1. Download and install WinCvs/MacCvs/gCvs on your development machine
  2. Run WinCvs (wincvs.exe) -- assuming version 2.0
    1. Click Admin.Login
      1. Under Login settings tab,
        1. Set CVSROOT to
          (Replace yourid with your student id)
    2. Click Admin.Preferences
      1. Under CVS tab,
        1. Set Home folder to somewhere on your machine
      2. Under WinCvs tab,
        1. Enter path of external diff program, and click checkbox (For Windiff, go to C:\Program Files\Microsoft Visual Studio\Common\Tools\windiff.exe; other diff programs are WinMerge for Win32 or xxdiff for Unix)
    3. Your password will be given to you in class or emailed to you.  If you wish to change it, please email a different password to the grader so we can put it into the CVS passwd file.  Note:  CVS has poor security, so do not use an important password for this project.  Instead, send something that you don't mind having compromised. 
    4. Click Admin.Login, select the CVSROOT (if it is not already chosen), and type your password (this will store your password locally in your Home folder/.cvspass).  You only need to login this one time (unless of course you ever explicitly log out).
    5. Click Remote.Checkout module
      1. Enter module name:  name, where name is defined below
      2. Enter local folder where you would like to store the checked out files
    6. Whenever a command succeeds, you will see  *****CVS exited normally with code 0*****
    7. Ignore the warning that you don't have TCL or Python.
  3. Now CVS is ready for you to add your own files, modify them, etc.! 
    1. To add a file (this means to put an existing file under CVS control),
      1. Create a file on your local machine in a directory under CVS control (or move an existing file there)
      2. In WinCVS, navigate to the directory and click on the file.
      3. Click 'Add selected' (the little button up top with the red plus on it)
        Note:  If the file is binary, then click 'Add selected binary', but you should only rarely do this, since CVS is not really designed for binary files.
      4. Right-Click on the file or folder and select 'Commit...', then type in a brief log message and say 'OK'
    2. To add a folder, do the same thing.  However, note that if you add a folder with no files in it, then most people will never see it.  This is because the default for 'Update...' is to "Prune empty directories" (see the Globals tab of the Update popup dialog)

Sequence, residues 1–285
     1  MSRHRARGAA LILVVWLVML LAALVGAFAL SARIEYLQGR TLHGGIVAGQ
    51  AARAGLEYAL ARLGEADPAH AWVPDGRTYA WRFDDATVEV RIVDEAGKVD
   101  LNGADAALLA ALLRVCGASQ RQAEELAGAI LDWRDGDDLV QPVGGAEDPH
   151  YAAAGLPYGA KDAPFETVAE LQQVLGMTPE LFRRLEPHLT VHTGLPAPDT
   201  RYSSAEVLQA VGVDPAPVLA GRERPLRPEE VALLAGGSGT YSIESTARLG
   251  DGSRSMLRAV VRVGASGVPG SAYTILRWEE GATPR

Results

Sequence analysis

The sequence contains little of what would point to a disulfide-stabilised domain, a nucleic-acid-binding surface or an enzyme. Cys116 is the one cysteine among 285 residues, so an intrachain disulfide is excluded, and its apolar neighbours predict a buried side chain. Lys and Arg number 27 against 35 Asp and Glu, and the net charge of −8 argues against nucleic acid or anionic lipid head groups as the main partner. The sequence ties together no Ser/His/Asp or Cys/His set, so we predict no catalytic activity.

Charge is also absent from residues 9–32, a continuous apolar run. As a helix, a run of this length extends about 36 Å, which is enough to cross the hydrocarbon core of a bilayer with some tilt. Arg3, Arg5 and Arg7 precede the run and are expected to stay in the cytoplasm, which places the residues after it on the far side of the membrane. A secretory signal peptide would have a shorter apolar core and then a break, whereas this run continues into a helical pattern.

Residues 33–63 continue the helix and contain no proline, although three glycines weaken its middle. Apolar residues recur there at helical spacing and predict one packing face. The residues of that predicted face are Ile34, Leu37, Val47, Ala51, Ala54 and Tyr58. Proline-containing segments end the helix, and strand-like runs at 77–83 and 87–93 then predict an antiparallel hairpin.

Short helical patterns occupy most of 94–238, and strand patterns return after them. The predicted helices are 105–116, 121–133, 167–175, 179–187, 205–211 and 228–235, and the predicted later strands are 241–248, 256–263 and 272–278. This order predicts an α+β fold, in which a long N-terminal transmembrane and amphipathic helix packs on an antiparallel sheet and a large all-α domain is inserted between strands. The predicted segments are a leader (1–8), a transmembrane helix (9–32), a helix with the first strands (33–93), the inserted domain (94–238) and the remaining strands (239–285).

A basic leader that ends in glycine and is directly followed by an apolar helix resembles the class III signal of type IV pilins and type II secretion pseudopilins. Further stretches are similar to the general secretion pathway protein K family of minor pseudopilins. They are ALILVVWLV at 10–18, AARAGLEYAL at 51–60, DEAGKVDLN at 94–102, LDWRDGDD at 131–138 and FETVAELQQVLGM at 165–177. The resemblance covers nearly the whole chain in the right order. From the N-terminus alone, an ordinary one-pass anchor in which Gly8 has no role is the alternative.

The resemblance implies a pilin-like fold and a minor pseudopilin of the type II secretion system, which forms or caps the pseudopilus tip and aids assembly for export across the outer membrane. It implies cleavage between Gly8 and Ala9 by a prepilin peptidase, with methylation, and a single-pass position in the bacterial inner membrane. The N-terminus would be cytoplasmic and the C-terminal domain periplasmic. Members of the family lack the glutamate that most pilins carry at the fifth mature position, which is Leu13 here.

3. To remove a file (this will remove the file from CVS control, *and* delete it from your local machine),
      1. In WinCVS, navigate to the directory and click on the file.
      2. Click 'Remove selected' (the little button up top with the black 'X' on it)
      3. Right-Click on the file or folder and select 'Commit...', then type in a brief log message and say 'OK'
      4. Note that CVS never actually deletes anything from the server; it just flags it as deleted.  This is so you can retrieve an earlier version later if you accidentally deleted a file.  So if you accidentally added a humongous file, notify the administrator so the file can be actually deleted rather than hogging up disk space needlessly.
    4. To commit your changes to a file (once you are ready to share your edits with other users of the repository)
      1. In WinCVS, navigate to the directory and click on the file.
      2. Right-Click on the file or folder and select 'Commit...', then type in a brief log message and say 'OK'
    5. To update (this will merge any changes that others have committed with your own local copy),
      1. Right-Click on the file or folder and select 'Update...', Click the middle check box that says, "Create missing directories that exist in the repository", then say 'OK'
      2. If CVS indicates a conflict (via a red 'C' next to the filename in the output window), then you will need to resolve the conflict by hand.  Search in the file for "<<<<<<<".
  4. For reference, see the on-line CVS Cederqvist manual or Redbean manual

Alternatively, if you would prefer to just use the command-line version (not recommended),

  1. Download and install the cvs client on your development machine
  2. Use a text editor to create a ~/.cvsrc file that contains a single line that looks like this:
    cvs -d
    (Replace yourid with your student id)
  3. type cvs login at the command prompt, along with your password (this will store your password locally in your ~/.cvspass file)
  4. cd to the directory in which you want to copy files from the repository
  5. type cvs checkout name, where name is defined below
  6. Now CVS is ready!  For reference, see one of the manuals above

Replace name with class/imageguide (Spring 2011 or 2012), class/rootfly (Spring 2005, 2007, 2008, 2009, or 2010), or class/seebreeze (Spring 2006).

For the grader: 

VC++ 6.0 coding resources

When checking in code, be sure to check in all the files needed to compile your project (such as .h, .c, .cpp, .rc, .vcproj, .vcxproj, .sln, .dsp, .dsw).  Also check in the res directory that contains .ico and .rc2 files.  The .ico file is binary, while all others are text-based.  Do NOT check in all the other files that Visual Studio creates automatically, such as .aps, .clw, .ncb, .opt, .plg, .suo, or the Debug or Release or ipch directories.  When in doubt, check out your code to a new temporary directory and verify that it compiles and runs.


Instructor: Stan Birchfield, 209 Riggs Hall, 656-5912, email: stb at clemson
Office hours:  Wednesdays 4-5 or by appointment
Satish Ravindran, email:  satishr
2:30 - 3:45 MW, 226 Riggs Hall